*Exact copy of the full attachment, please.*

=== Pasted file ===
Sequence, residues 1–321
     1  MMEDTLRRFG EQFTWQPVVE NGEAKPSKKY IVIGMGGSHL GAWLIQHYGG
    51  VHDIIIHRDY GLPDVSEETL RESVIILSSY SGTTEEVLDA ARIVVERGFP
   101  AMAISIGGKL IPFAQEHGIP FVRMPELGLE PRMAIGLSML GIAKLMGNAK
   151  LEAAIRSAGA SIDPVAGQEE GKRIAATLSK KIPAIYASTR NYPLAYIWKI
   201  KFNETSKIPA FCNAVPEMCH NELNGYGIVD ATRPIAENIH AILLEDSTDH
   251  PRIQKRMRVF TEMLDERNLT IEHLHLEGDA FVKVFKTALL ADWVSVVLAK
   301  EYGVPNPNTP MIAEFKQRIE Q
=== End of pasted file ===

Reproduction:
Sequence, residues 1–321
     1  MMEDTLRRFG EQFTWQPVVE NGEAKPSKKY IVIGMGGSHL GAWLIQHYGG
    51  VHDIIIHRDY GLPDVSEETL RESVIILSSY SGTTEEVLDA ARIVVERGFP
   101  AMAISIGGKL IPFAQEHGIP FVRMPELGLE PRMAIGLSML GIAKLMGNAK
   151  LEAAIRSAGA SIDPVAGQEE GKRIAATLSK KIPAIYASTR NYPLAYIWKI
   201  KFNETSKIPA FCNAVPEMCH NELNGYGIVD ATRPIAENIH AILLEDSTDH
   251  PRIQKRMRVF TEMLDERNLT IEHLHLEGDA FVKVFKTALL ADWVSVVLAK
   301  EYGVPNPNTP MIAEFKQRIE Q